Attenborough et al kick-start 'renewables space race' ahead of Paris
Sir David Attenborough, Unilever's Paul Polman and former UK Energy Secretary Ed Davey are among 27 leading scientists, business executives, academics and politicians that have signed a joint letter backing an Apollo-style research programme to make renewable energy cheaper than fossil fuels.
The letter, published today (16 September), argues that "a sensible approach to tackling climate change will not only pay for itself but provide economic benefits to the nations of the world".
It urges the leading nations of the world to commit to the Global Apollo Program, which seeks to emulate the 'space race' of the 1960's to encourage more spending on clean energy; in a bid to make renewable energy cheaper than coal within the next 10 years.
"Just as with the Apollo space missions of the 1960s, great scientific minds must now be assembled to find a solution to one of the biggest challenges we face," the letter reads. "The [Global Apollo] Plan requires leading governments to invest a total of at least $15bn a year in research, development and demonstration of clean energy - that compares to the $100bn currently invested in defence R&D globally each year."
The list of world-renowned signatories of the letter also includes Professor Brian Cox, Lord Nicholas Stern, BT's chief sustainability officer Niall Dunne and Earth Institute director Jeffery Sachs.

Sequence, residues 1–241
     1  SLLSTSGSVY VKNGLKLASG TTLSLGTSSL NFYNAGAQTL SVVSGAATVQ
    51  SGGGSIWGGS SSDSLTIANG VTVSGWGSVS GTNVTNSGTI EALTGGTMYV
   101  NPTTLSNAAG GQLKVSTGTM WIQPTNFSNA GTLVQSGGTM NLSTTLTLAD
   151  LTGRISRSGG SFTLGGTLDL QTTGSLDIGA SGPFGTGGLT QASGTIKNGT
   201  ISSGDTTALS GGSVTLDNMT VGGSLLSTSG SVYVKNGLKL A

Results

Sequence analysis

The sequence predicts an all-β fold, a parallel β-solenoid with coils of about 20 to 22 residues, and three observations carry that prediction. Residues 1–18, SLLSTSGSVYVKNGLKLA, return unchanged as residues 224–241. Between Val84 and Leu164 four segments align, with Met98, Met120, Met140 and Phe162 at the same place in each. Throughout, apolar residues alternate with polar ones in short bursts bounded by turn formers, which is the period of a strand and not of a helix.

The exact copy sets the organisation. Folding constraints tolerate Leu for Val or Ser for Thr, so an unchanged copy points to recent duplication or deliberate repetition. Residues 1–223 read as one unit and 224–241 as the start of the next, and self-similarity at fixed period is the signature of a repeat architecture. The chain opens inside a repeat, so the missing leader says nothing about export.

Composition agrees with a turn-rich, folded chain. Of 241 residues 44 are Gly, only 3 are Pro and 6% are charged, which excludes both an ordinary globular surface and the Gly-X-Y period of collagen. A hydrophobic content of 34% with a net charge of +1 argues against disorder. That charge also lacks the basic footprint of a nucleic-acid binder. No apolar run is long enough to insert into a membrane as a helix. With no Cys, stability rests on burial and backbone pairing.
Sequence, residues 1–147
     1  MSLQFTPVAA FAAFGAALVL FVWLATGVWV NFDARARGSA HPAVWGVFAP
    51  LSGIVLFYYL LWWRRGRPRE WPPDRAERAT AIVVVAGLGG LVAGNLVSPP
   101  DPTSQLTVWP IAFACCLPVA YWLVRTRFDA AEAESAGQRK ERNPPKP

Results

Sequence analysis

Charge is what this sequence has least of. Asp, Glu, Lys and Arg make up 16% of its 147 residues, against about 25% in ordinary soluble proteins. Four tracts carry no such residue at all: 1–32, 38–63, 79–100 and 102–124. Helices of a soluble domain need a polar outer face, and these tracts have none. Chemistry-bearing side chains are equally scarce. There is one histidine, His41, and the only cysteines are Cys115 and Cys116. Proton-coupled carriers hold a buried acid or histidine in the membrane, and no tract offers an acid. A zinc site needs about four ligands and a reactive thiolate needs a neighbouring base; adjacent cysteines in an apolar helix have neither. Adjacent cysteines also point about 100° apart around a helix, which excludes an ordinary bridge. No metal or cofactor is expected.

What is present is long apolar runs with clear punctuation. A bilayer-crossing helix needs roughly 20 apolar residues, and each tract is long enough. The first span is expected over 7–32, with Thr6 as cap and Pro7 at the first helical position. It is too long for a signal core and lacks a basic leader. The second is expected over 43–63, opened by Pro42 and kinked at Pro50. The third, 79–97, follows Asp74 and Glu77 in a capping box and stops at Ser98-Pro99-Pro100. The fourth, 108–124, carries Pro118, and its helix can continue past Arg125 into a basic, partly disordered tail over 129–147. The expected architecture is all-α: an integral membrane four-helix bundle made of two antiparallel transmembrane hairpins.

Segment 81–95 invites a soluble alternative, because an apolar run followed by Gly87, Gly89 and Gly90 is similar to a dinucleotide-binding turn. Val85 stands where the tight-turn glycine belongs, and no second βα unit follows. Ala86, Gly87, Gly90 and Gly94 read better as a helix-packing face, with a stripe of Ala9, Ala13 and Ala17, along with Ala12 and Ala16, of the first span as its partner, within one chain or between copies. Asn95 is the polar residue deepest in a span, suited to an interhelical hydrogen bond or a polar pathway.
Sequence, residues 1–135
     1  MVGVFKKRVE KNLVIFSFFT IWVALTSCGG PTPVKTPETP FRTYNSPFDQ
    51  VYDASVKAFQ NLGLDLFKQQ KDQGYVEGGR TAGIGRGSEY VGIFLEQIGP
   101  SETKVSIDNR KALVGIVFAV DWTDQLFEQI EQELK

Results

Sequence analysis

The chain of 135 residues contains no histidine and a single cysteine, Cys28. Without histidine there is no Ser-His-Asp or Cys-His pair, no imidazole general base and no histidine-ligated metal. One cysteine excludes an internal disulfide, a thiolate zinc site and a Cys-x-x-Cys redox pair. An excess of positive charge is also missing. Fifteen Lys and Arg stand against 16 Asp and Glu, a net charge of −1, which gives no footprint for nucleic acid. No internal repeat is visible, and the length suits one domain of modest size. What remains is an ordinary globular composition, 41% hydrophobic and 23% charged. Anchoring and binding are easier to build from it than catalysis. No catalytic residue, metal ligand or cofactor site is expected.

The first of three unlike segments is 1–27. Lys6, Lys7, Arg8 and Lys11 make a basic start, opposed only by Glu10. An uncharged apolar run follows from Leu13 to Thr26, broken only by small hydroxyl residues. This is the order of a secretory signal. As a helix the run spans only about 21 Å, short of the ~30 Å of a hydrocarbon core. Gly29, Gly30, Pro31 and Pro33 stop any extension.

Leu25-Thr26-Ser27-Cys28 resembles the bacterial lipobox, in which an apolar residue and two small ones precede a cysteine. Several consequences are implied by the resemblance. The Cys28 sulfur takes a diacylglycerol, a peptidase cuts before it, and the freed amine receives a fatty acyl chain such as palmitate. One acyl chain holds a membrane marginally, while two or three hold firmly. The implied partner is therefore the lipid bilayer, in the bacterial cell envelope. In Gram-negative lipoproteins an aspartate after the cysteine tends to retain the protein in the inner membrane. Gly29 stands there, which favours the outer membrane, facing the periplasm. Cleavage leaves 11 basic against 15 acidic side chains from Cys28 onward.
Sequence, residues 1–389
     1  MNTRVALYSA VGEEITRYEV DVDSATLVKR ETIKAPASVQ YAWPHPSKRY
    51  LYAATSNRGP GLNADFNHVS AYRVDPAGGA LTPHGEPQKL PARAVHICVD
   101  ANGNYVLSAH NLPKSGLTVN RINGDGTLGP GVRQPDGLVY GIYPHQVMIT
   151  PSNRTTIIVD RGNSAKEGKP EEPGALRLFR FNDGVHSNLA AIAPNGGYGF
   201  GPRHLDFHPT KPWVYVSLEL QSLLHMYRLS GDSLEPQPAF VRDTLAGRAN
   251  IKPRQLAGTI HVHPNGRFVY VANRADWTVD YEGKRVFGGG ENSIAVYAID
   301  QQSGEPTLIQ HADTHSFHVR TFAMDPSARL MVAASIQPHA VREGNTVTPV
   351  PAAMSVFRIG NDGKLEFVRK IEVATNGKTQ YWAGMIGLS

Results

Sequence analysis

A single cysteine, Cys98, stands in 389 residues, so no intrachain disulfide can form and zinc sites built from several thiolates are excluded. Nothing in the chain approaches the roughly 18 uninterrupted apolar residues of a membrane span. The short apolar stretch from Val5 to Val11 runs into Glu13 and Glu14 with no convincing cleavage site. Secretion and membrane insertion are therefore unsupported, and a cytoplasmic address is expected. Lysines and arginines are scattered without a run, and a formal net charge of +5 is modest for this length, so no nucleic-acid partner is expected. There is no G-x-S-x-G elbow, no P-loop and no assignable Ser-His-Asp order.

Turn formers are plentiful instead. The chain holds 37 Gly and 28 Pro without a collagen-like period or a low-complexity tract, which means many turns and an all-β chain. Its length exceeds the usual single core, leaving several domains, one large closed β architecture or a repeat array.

The Global Apollo Program for internationally coordinated research, development and demonstration into renewable energy technology was first proposed in June by a group of scientists, economists and energy experts including Sir David King, Lord Stern, Lord Adair Turner and ex-BP chief Lord John Browne.
Today's letter has been published at the same time as a new video from Attenborough in which the naturalist gives his own support for the Program.
In the video, Attenborough says: "I have been lucky enough to spend my life exploring the world's oceans, forests and deserts. But the Earth, with its spectacular variety of creatures and landscapes, is now in danger.
"Just one thing, however, would be enough to halt climate change. If clean energy became cheaper than coal, gas or oil, fossil fuel would simply stay in the ground."
World leaders and politicians from more than 190 countries are meeting in Paris this December, to sign an international agreement on how to tackle climate change. With less than 80 days left before the climate talks, 60 countries - representing more than 60% of global emissions - have brought forward their intended, nationally-determined contributions towards a climate deal